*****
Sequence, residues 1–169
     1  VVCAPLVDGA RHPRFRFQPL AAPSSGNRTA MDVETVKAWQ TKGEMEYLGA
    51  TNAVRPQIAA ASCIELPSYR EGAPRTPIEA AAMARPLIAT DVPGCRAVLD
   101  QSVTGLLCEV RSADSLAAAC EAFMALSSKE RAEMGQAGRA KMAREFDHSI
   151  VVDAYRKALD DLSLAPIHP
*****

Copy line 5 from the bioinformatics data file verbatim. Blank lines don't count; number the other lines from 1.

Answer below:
   151  VVDAYRKALD DLSLAPIHP